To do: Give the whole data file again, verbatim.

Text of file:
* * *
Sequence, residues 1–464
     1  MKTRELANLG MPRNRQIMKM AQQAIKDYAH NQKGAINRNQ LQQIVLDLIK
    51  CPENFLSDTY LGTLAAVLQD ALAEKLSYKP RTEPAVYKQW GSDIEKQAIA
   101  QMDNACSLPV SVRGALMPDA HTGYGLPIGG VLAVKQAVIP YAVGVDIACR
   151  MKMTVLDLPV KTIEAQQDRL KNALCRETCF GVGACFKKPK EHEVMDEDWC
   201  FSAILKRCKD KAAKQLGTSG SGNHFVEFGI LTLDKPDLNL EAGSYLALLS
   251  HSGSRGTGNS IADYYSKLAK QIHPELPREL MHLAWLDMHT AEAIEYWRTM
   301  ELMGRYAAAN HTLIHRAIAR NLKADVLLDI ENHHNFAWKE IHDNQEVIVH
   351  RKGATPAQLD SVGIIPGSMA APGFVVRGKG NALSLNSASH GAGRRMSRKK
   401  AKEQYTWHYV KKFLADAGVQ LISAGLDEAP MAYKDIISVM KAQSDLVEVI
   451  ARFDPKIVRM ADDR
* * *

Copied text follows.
Sequence, residues 1–464
     1  MKTRELANLG MPRNRQIMKM AQQAIKDYAH NQKGAINRNQ LQQIVLDLIK
    51  CPENFLSDTY LGTLAAVLQD ALAEKLSYKP RTEPAVYKQW GSDIEKQAIA
   101  QMDNACSLPV SVRGALMPDA HTGYGLPIGG VLAVKQAVIP YAVGVDIACR
   151  MKMTVLDLPV KTIEAQQDRL KNALCRETCF GVGACFKKPK EHEVMDEDWC
   201  FSAILKRCKD KAAKQLGTSG SGNHFVEFGI LTLDKPDLNL EAGSYLALLS
   251  HSGSRGTGNS IADYYSKLAK QIHPELPREL MHLAWLDMHT AEAIEYWRTM
   301  ELMGRYAAAN HTLIHRAIAR NLKADVLLDI ENHHNFAWKE IHDNQEVIVH
   351  RKGATPAQLD SVGIIPGSMA APGFVVRGKG NALSLNSASH GAGRRMSRKK
   401  AKEQYTWHYV KKFLADAGVQ LISAGLDEAP MAYKDIISVM KAQSDLVEVI
   451  ARFDPKIVRM ADDR